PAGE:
And they want condos. While 75 percent of the housing on the Upper East Side is co-op, luxury condo developments are what are really on the rise, so to speak, and large apartments in these brand new structures are selling out at the highest numbers. Among those buildings and developments are: The Skyline Development at 200 East 79th Street, The Lucida at 151 East 85th Street, The Brompton at 205 East 85th Street, the Georgica at 305 East 85th Street, 135 East 79th Street, and The Chatham, new luxury townhomes on East 65th Street, and The Helmsley Carlton House at 21 East 61st Street, formerly a hotel, now a condo building offering the luxury amenities of a hotel.
“In the case of The Lucida, The Brompton, Georgica, and 170 East End Avenue, we see that luxury condominium offerings are moving north and east,” say Adrienne Albert and Jacqueline Urgo of The Marketing Directors, a development advisory and master property marketing and sales force that works on behalf of owners and builders of new homes. “Expanded retail offerings and higher demand from a greater number of market segments means that the coming years will be good ones for residential real estate on the Upper East Side.”
Among the developments moving north and east, the Azure at 333 East 91st Street is a sort of hybrid co-op/condo (it’s legally a co-op but has condo rules). With its far east address, on First and 91st, the building might be seen as off the beaten track, but that is not what its co-developers, The DeMatteis Organizations and The Mattone Group, are finding. For one thing, several private schools in the area, Spence, Sacred Heart and Trevor Day, are all building athletic facilities nearby, which will further enhance the neighborhood. And the building is already 75 percent sold, with two-, three- and four-bedroom units on the 21st through 34th floors remaining. The developers built the building so that two two-bedroom apartments can be combined for larger family apartments, and the developer offers to do the combining itself, saving potential buyers many contracting headaches. The building also offers some 6,000 square feet of amenities, including a large dining room with catering facilities that residents can reserve and use for entertaining.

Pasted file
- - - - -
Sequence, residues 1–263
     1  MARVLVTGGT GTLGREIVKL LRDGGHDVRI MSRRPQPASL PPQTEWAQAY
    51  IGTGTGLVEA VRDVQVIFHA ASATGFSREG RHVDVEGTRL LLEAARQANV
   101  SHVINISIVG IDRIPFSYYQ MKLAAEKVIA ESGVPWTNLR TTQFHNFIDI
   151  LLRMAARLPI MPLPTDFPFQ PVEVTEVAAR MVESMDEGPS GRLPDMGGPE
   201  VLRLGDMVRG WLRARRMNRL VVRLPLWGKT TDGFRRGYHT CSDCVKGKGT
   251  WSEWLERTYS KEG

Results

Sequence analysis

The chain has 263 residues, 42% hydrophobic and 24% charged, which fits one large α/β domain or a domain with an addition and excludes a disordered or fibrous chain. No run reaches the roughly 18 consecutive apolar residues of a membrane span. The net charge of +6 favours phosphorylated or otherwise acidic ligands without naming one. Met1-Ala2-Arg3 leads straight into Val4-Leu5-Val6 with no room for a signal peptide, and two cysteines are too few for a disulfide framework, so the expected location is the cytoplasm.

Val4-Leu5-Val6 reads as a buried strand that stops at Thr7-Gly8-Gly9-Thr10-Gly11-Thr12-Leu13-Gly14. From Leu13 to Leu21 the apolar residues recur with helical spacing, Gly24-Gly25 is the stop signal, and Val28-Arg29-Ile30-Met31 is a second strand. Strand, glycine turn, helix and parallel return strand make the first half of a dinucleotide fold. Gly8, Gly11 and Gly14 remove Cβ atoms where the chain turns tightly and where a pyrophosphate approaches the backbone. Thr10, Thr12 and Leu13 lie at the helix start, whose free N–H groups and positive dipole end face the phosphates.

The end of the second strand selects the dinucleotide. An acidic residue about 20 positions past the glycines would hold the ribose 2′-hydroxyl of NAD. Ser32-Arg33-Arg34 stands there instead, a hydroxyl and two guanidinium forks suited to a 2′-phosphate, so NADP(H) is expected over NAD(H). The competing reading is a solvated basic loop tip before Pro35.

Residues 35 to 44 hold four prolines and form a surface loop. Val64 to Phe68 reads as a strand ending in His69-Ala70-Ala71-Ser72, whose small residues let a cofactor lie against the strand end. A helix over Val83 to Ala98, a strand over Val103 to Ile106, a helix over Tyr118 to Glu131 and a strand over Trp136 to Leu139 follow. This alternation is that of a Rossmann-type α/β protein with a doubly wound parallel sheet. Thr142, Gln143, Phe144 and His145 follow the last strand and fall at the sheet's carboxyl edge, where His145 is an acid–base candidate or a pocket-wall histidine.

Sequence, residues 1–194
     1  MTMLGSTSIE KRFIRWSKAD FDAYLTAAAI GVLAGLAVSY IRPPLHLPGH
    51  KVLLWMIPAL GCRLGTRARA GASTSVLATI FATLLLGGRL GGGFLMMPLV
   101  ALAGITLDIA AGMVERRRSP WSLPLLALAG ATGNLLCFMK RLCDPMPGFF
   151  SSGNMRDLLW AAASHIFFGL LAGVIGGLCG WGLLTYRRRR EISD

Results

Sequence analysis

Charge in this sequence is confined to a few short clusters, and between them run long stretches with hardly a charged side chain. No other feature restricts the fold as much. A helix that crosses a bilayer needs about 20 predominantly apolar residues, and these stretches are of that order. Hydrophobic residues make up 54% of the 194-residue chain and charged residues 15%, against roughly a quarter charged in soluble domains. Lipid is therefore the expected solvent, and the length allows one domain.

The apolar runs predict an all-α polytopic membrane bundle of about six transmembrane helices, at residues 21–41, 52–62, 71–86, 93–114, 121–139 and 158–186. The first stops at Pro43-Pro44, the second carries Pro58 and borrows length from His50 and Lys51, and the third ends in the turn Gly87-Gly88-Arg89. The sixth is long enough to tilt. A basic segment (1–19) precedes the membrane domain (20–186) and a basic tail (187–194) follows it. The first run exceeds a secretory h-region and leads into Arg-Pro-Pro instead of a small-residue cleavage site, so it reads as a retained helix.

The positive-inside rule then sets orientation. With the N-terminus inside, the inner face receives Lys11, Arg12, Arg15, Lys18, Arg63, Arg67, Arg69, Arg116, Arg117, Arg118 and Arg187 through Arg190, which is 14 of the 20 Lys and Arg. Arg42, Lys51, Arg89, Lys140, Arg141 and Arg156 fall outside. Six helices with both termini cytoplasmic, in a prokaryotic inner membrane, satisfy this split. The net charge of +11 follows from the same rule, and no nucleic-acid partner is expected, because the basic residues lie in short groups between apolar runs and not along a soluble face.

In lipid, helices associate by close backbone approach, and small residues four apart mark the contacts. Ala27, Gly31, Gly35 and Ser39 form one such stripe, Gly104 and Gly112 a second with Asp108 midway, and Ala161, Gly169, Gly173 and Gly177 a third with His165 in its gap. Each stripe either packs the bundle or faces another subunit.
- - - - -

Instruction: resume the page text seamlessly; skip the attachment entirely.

“The area is very popular among families because the neighborhood has the best public and private schools in the city,” says Douglas MacLaury of the Mattone Group, “and because it is near both Carl Schurz and Central Park.” The development even included the building of a public school, M.S. 114, a middle school with 530 seats, and a totally separate entrance, under a program which helps the city to get new and needed schools, and developers to get certain tax breaks.
The completion of the Second Avenue Subway will benefit those who buy into the Azure, and many others. “We predict that by the time the construction is complete, the face of Second Avenue retail will have changed completely, making way for high-end stores, markets and restaurants,” say Albert and Urgo of The Marketing Directors. “This will cause property values on Second Avenue and the nearby streets on the Upper East Side to rise. Plus, the new subway line will create easier access from the Upper East Side to other neighborhoods in the city, making it a great place to live.”